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Carol Anne Slater




1 March 2024 at 15:22:34

6 March 2024 at 13:59:56

"I worked as a senior manager at Mildmay between 1992–1998. At this time, there was no treatment, and many died of AIDS. It was also the time Princess Diana visited often. She sadly died while I was there. 

My job was to secure funding from the NHS and to set up all the business structures to take it forward long-term. I also worked very closely with all teams to integrate all policies to ensure good practice. This may sound rather business-only, but it wasn't. I ensured the future of Mildmay in the long term.

I have a clinical background and was awarded an AIDS fellowship by the Department of Health in 1987 to research models of good practice for the South Thames region, and this enabled me to gain a deep understanding of the needs of people with HIV.

I was chosen to appear on the Antiques Roadshow Nursing Special TV show last year to tell my story."

Carol Anne Slater

MA DOH Fellow HIV/AIDS SRN. NDN Dip; Management Dip Strategic Business

March 2024

The following article is from  SussexWorld, published 7th March 2023

East Sussex retired nurse appears on Antiques Roadshow to discuss her "significant contribution to health care"

A retired nurse living in Buxted who dedicated her life to improving care for people with HIV/AIDS has appeared on a special edition of Antiques Road Show.

By Frankie Elliot (with gratitude)

 Anne Slater was chosen to appear on the popular BBC show as one of the Nurses of England who has made a significant contribution to health care over the decades.

Carol told SussexWorld: “Yes, it was such a moment. The experience was amazing and very warming.”

In 1987, at the height of the AIDS epidemic, Carol won one of 15 Department of Health fellowships to study the disease and produce a model of good practice.

She had been inspired to do so after providing care for an AIDS patient whilst working as a district nurse in Bromley.

Carol said: “I was referred a young man who had AIDS, and nobody wanted to go due to the stigma surrounding the disease in 1987.

“I went to this boy’s house, and he was in the terminal stage. He kept profusely thanking me. When I went into his flat I could see that no one was caring for him.

“We were actually not caring for people with AIDS, and they were very marginalised. There was no care set up in the community.”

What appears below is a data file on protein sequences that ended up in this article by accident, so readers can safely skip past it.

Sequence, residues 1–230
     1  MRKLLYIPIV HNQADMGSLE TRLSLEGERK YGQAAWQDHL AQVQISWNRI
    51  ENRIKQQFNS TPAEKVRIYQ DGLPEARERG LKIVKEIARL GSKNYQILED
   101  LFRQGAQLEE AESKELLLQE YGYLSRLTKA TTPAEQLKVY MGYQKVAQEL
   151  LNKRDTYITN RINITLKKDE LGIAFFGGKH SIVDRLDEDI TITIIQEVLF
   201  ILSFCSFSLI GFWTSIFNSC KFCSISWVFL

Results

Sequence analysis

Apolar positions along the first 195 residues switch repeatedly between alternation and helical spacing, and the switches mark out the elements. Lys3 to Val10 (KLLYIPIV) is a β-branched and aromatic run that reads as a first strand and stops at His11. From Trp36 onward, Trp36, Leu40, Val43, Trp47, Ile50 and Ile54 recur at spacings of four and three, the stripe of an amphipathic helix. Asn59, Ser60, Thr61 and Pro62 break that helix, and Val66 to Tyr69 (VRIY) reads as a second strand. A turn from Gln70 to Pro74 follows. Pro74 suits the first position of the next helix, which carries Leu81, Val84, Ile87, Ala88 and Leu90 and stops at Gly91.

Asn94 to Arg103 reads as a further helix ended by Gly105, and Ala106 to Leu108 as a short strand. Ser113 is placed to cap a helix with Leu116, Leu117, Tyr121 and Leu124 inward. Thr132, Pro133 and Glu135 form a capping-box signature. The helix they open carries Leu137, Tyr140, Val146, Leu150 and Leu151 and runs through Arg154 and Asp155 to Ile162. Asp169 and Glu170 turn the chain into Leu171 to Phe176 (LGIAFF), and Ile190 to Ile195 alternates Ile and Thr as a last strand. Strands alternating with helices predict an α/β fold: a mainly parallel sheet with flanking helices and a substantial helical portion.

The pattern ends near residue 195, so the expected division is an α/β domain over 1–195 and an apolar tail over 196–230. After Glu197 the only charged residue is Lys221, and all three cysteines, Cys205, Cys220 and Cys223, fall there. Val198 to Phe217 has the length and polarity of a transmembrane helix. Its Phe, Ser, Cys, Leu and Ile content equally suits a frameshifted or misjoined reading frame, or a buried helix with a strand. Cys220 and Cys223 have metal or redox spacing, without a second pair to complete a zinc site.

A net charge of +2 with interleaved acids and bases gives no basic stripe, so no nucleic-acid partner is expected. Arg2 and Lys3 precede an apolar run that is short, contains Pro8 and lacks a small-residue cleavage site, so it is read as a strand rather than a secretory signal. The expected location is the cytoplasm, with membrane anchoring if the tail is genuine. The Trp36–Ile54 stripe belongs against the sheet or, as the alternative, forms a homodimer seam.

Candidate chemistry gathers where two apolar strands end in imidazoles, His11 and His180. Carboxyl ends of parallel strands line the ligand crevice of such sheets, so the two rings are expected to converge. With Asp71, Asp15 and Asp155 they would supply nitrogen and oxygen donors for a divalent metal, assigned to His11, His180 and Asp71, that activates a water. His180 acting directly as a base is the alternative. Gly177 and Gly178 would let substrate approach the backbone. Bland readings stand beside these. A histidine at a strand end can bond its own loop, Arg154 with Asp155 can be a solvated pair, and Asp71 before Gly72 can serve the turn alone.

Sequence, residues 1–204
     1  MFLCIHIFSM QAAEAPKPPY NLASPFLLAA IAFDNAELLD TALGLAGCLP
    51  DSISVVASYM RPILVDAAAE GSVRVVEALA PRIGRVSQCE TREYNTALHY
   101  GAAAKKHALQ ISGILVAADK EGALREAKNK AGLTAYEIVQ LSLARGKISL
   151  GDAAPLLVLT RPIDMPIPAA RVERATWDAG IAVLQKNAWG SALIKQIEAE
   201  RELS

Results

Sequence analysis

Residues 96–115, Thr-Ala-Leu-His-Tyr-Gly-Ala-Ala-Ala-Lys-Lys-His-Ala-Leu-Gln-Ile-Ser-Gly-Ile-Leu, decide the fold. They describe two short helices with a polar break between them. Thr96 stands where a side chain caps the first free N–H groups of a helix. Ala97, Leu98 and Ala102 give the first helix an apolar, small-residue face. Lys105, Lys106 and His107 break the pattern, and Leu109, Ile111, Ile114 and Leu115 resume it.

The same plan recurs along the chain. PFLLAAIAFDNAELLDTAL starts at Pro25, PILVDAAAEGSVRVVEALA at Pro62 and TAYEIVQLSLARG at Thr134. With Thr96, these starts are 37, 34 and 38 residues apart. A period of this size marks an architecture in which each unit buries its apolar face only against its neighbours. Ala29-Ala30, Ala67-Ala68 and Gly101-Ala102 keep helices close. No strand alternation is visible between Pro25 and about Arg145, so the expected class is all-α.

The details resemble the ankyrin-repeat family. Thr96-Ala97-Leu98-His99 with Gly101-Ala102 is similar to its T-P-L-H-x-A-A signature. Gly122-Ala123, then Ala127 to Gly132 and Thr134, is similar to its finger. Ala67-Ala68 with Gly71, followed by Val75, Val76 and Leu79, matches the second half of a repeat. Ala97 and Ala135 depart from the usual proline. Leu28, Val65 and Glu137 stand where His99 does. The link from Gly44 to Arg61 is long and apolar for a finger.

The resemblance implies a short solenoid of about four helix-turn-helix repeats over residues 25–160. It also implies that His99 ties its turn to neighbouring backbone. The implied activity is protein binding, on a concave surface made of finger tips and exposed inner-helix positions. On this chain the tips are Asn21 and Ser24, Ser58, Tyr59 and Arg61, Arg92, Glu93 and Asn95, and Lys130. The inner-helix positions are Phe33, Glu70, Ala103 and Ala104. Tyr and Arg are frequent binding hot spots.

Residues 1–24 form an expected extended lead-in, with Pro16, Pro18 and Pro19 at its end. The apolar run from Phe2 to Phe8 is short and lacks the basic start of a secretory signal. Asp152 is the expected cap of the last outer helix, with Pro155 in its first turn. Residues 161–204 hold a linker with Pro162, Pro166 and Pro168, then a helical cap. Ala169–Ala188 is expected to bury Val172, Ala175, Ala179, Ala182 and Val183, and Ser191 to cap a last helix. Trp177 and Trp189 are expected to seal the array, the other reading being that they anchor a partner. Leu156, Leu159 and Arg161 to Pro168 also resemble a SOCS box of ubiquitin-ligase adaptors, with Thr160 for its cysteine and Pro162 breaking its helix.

The study took Carol to the USA and other parts of the world to gather information for her Caring for People with AIDS in the Community report.

The findings helped put the patient in the middle of the care and then map their care needs to care providers, ensuring all people with HIV/AIDS could receive excellent care in the community without fear of prejudice and harm.

Carol said: “I believe my contribution was to ensure each person that had HIV and AIDS were cared for with dignity and respect.”

Carol’s work then took her to Mildmay Hospital in London, one of the biggest aids health units in Europe, to work alongside Princess Diana to set up care for women and babies in the unit with AIDS.

She then moved to Sussex in 1998 to take up the position of CEO at St Peter and St James Hospice in Haywards Heath. At the time, the health care unit was in a perilous position with no funding or programme in place to secure its future.

Thanks to Carol, the hospice became a secure provider of Specialist Palliative Care, which is still providing excellent care today.

Reflecting on her career, Carol said: “It was very much a calling. I was seventeen when I started, and I felt really called to be a nurse.

“I wouldn't have done it any differently. I feel hugely honoured to have been a nurse for 40 years.

“We have the best healthcare service in the world, and the NHS is amazing. It’s there for people when they most need it. It’s free, and we need to protect it.

"I feel strongly that nurses and healthcare professionals need to have a wage that matches the level of expertise they are providing.

“For me, money was never at the centre of why I was a nurse. I never did it to go earn a lot of money. It’s not a job that you just do, but nevertheless, they should have enough money for them to live properly.”

Carol can be seen on the Antiques Roadshow Nursing Special. The original broadcast aired on Sunday, February 26 2023.

Carol is an artist, and her work can be seen on Instagram and Facebook.